"Co'marcha!" one of the band exclaimed, motioning towards the entrance of the temple. "Co'marcha!"
Hoping he was understanding correctly and that he was right to assume this band did not present a threat, Teal'c called out. "Daniel Jackson!" Daniel reappeared in the entrance.
"Whoa," Daniel exclaimed. "Where did they come from?" He started down the steps, suddenly aware that he was the focus of attention. "Hello," he said cautiously. "My name is Daniel Jackson. Teal'c and I are explorers." He paused two steps from the bottom of temple. "And you are?"
"Co'marcha!" The leader of the band indicated the grass in front of the steps.
"Co'marcha," Daniel repeated. He took the last two steps.
As soon as his feet touched the grass all hell broke loose. Three of the band pounced on Jackson, shoving him to the ground. Before Teal'c could so much as blink his staff weapon was knocked from his hand. The band was uncannily well-prepared. In a few swift seconds Teal'c joined Jackson on the ground, and both men found themselves facing the wrong end of some very sharp blades.
"Colonel?" Sam caught sight of the group of men approaching apparently with Daniel and Teal'c in their midst. O'Neill glanced up and instinctively reached for his gun. Carter did likewise, but neither took aim. They exchanged glances as the band drew to a halt a few yards away.
"Daniel?" "Teal'c?" O'Neill asked.
"They caught us unaware," Teal'c replied, shame obvious in his voice. "It was as though they came from nowhere."
"Huh-huh." O'Neill said not knowing what else to reply. From where he stood it seemed that the Jaffa was unhurt and unbound. But unless he was mistaken it looked like Jackson had his hands tied behind his back. What he couldn't miss was the fact that both his companions had swords to their backs. "So what gives?" O'Neill asked.
The man behind Teal'c pushed the Jaffa towards Jack. "You are free to return through the Contella." He pointed at the Stargate. "Or you are free to watch the Marcha."
Teal'c moved slowly to Jack's side. "You OK?" Jack asked in a whisper. Teal'c merely nodded, his eyes on Jackson.
"And our friend?" Jack casually indicated Jackson with the end of his gun. He wondered if this band knew what firearms were.
"He is Co'Marcha. He stays with us."
"Daniel?" Jack asked.
"I'm not sure what I've..," Daniel began, but as he spoke the man next to him lashed out with a fist catching Jackson hard in the stomach. The anthropologist crumpled to his knees with a groan. Immediately Jack and Sam's guns went up.
"He is Co'Marcha. He stays with us." The leader gave a quick hand signal. Two of the group grabbed Jackson arms, which were indeed tied by the wrists behind his back, and began to frogmarch him away.
"Just a minute," O'Neill shouted. The group ignored him. Carter and O'Neill exchanged another look and then O'Neill opened fire. Bullets flew over the heads of the men, shattering the peacefulness of the surroundings.. The leader of the band did an abrupt about turn. Another hand signal and Jackson was pulled to the front of the group and forced back to his knees. A tall, dark-haired man yanked Jackson's head back and placed his sword blade at his exposed throat. O'Neill blinked, stunned at the speed with which these men could move.
"Lower your weapons or we will kill him here," barked the leader.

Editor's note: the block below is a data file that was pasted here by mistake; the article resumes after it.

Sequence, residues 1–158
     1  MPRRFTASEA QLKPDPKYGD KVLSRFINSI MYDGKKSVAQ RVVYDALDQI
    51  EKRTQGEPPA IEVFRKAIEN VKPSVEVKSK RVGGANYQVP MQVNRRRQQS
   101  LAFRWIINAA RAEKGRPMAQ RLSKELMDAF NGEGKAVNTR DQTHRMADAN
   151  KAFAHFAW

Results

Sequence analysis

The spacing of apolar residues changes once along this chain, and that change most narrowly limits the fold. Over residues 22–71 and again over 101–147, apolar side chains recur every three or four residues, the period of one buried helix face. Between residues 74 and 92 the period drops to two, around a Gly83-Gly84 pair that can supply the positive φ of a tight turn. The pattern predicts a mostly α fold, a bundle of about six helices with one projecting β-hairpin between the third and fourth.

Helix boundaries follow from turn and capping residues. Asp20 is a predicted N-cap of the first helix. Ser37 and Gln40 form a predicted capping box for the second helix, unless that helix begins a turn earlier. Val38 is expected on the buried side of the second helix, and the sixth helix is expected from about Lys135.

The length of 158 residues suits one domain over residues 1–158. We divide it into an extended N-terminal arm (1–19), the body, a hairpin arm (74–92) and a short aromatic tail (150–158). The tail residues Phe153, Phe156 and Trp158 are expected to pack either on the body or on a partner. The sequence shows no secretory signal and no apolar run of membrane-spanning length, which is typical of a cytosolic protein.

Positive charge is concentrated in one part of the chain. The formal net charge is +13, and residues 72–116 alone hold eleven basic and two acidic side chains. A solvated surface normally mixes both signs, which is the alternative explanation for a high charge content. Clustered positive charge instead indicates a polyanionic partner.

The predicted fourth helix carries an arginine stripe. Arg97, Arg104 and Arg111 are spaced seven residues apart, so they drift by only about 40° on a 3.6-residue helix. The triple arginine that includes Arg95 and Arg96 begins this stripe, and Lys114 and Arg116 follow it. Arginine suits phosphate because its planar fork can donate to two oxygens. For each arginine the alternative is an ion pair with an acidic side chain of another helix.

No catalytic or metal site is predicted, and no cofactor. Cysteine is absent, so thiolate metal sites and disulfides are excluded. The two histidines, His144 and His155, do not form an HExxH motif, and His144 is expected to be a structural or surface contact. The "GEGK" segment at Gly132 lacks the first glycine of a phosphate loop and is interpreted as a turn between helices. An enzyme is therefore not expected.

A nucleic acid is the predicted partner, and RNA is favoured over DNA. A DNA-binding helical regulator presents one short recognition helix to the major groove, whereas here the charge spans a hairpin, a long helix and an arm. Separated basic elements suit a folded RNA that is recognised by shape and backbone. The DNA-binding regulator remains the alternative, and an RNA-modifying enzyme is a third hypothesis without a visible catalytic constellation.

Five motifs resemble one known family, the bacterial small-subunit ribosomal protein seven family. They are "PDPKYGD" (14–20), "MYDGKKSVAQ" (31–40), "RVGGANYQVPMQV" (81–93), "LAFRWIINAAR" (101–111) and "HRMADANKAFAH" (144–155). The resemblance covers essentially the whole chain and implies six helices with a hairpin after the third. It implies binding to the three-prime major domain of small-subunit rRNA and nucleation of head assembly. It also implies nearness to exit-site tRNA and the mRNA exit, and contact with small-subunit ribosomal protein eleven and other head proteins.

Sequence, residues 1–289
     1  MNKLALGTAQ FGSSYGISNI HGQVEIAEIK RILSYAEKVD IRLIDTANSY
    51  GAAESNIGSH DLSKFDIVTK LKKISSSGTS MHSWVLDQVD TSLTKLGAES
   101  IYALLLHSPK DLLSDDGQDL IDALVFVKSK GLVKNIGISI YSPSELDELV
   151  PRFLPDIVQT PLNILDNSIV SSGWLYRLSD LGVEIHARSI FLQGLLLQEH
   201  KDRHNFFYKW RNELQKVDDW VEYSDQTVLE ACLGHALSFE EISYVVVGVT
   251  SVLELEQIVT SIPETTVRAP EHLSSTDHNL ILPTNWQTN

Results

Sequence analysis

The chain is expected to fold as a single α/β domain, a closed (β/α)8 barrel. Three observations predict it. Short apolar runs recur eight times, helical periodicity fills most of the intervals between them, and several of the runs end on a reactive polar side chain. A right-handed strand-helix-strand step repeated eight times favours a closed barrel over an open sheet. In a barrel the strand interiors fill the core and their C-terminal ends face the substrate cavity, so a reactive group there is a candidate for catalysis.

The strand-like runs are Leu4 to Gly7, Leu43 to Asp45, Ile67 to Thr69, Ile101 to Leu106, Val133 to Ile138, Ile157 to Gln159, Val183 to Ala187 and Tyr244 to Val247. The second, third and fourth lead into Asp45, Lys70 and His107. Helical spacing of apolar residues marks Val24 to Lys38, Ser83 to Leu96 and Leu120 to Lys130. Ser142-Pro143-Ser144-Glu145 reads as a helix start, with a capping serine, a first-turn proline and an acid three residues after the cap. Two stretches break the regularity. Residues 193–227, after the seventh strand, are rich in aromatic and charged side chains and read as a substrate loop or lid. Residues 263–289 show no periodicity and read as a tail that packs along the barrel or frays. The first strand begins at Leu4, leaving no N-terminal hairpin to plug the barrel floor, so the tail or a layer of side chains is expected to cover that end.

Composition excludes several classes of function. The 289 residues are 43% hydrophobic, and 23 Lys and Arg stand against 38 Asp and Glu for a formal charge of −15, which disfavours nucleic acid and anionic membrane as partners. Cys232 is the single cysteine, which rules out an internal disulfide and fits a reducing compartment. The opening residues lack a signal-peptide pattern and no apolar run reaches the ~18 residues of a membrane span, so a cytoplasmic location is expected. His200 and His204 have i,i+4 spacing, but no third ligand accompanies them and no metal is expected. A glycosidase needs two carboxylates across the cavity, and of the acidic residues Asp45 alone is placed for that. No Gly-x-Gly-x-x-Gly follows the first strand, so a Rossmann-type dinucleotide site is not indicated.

There was a long silence as O'Neill considered his options. A single shot would take out Jackson's would be executioner, but there was at least another dozen or so within a blade length. Reluctantly Jack lowered his gun, indicating that Carter should do the same. Immediately two of the hostile group ran forward and snatched the guns from them. "Leave or watch!" the leader ordered. "Do not interfere!" Jackson was pulled to his feet again, and the group continued it march away from the Stargate.
.....................................Jack stood motionless for a moment, too stunned to think. "Sir?" Carter finally asked. "Do we follow?" The question brought Jack back to reality. "Yes, we follow."
"We don't have any other weapons, Sir." Carter hated pointing out the obvious, but this was meant to be a simple scouting a mission. A chance for Daniel to explore some ruins and maybe, if they struck lucky, an opportunity to learn a bit more about the goa'uld. Nothing from SG7 had indicated they would run into hostile humans.
"For crying out loud," O'Neill exclaimed. He rounded on Teal'c. "I thought I told you to watch him. What the hell did he do to get them so riled?"
"I do not know," Teal'c said, accepting O'Neill's rebuke. "Daniel Jackson was exploring the temple. The next minute we were attacked."
"But they didn't seem interested in you, Teal'c."
"No they did not. It seemed only Daniel Jackson was of concern."
Jack sighed. "And this... Co-marching stuff? What does that mean?"
"I do not know. It is not a goa'uld term."
"Colonel, they're covering a fair amount of ground." Sam said. "If we're going to track them..."
"Track them nothing," O'Neill said. "You heard them. They invited us to watch the... marching. Let's move." O'Neill glanced around desperately and then grabbed the hockey sticks. He tossed one to Teal'c. "Believe me. In the right hands these are offensive weapons."
It seemed to Daniel that he had been walking for ever. No, he corrected himself. Running. The effortless speed at which these aliens moved was incredible. While they were barely warm, Jackson was sweating profusely, his breath coming in quick painful gasps. Of course, it didn't help to have his hands tied behind him, but even unbound he doubted if he would have kept pace with his captors with ease.